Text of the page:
Normally, I avoid deep sky observing around the full moon. It takes centre stage, washing out all the faint fuzzies. Only the brightest stars are visible; like seeing would be from downtown Vancouver.
The full moon is very bright in an astronomical telescope, which is designed to gather as much light as is practical. In my 5″ refractor, which has exquisite optics, the view is like what you would see if you were 2000 km away. Features from 2 km and up would be visible. You can see the very smooth area of Mare Tranquillitatis, where Apollo 11 landed. No sign of the actual landing, of course.
The moon is soooo stark! You don’t get deep shadows at full moon, but you do see the maria, the darker areas once thought to be oceans. The bigger craters are visible, starting with Plato, then Archimedes, Copernicus, and then Tycho, with its magnificent ray system.
The features visible on the moon are always changing with the phases. There is so much detail visible, it’s overwhelming. You owe it to yourself to see the moon in a good telescope at least once. No photograph or TV documentary can convey the reality of looking at it where it actually is.
Just for fun, I checked out the Pleiades, the famous open cluster in the shoulder of Taurus. I could barely make it out with the naked eye due to the moon’s brightness, but the scope showed the ‘diamonds on black’ look of it.
I tried unsuccessfully to see the pup, which is a companion star to Sirius, the brightest star in the sky. But the air turbulence revealed a dancing blob.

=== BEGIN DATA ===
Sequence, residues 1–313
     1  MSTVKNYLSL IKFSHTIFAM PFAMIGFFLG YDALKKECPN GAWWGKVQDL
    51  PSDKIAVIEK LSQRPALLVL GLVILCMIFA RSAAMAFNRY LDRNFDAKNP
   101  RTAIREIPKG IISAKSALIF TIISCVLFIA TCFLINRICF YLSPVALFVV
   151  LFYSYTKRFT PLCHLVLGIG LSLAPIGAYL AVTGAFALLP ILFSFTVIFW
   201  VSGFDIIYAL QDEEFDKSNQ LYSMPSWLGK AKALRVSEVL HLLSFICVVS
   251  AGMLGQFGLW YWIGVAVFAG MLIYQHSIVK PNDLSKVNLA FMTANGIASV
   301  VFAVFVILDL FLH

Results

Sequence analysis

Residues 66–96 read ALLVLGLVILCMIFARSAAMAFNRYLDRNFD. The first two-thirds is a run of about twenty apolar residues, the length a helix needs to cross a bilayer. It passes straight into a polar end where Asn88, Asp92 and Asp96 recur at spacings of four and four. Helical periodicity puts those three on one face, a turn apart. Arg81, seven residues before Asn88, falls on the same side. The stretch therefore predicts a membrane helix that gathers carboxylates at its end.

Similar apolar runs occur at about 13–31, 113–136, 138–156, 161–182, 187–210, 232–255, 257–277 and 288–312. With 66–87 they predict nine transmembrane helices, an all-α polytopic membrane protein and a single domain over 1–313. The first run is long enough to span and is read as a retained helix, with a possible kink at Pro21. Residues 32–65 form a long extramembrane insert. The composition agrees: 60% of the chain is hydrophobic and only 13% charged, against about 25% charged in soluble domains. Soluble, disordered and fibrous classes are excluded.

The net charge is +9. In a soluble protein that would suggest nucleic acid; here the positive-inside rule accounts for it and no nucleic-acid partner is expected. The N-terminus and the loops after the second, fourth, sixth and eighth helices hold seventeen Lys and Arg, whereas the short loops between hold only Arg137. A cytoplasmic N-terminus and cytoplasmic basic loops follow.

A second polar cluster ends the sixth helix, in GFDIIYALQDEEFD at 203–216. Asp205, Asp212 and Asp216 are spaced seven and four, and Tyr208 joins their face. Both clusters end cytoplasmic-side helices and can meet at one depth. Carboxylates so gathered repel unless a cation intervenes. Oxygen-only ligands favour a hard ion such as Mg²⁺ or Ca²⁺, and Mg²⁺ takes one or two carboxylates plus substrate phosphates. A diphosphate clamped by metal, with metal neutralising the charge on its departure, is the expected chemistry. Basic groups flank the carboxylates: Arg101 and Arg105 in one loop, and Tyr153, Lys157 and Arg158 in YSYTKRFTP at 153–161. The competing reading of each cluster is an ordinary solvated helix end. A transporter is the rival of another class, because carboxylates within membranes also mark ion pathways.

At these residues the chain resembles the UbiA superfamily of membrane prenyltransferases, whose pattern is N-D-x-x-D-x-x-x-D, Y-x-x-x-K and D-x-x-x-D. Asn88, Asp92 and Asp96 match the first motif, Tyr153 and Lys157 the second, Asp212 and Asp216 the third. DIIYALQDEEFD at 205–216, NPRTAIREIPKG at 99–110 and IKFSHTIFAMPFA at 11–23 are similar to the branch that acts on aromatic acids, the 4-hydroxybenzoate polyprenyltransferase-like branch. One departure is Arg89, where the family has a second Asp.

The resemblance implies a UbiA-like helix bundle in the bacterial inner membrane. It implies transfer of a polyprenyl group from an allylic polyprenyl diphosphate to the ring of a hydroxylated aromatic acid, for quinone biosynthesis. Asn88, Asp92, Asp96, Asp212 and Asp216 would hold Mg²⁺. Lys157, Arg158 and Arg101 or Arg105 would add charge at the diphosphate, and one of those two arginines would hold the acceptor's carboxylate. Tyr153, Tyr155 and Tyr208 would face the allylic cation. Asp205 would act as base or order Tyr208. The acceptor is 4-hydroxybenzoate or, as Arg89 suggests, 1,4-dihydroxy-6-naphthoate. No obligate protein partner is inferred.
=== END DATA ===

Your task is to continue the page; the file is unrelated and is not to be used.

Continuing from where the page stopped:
The star Betelgeuse, in Orion, is a red supergiant very near the end of its time. It will go supernova sometime in the next 100,000 years. Although it is known to be variable, it has become unusually dim since last fall. This is quite visible. You can see that it is about the same brightness as Bellatrix, which is next to it and is considerably dimmer than Rigel, in Orion’s foot.
The dimming could be due to a carbon build-up in its atmosphere. In other words, it’s sooty. There is some speculation that it might blow soon, but I wouldn’t hold my breath.
That’s Venus in the SW sky in the evening. It will be its farthest from the sun on March 24. On April 3 it will pass thru the Pleiades. Worth checking out with binoculars. Saturn, Jupiter, and Mars are close in the predawn sky. This is the year for a close approach of Mars in October. It’s going to much higher in the sky this time, and this will be one of the closer oppositions. More on this later.
Let’s hope for some good weather this year and a smoke-free summer. There’s lots to see up there. You are welcome to join us at Bells Lake Observatory near Horsefly. I can be reached at firstname.lastname@example.org. If it’s cloudy, you are welcome to check out my gallery of speaker system designs, all solar powered. -GG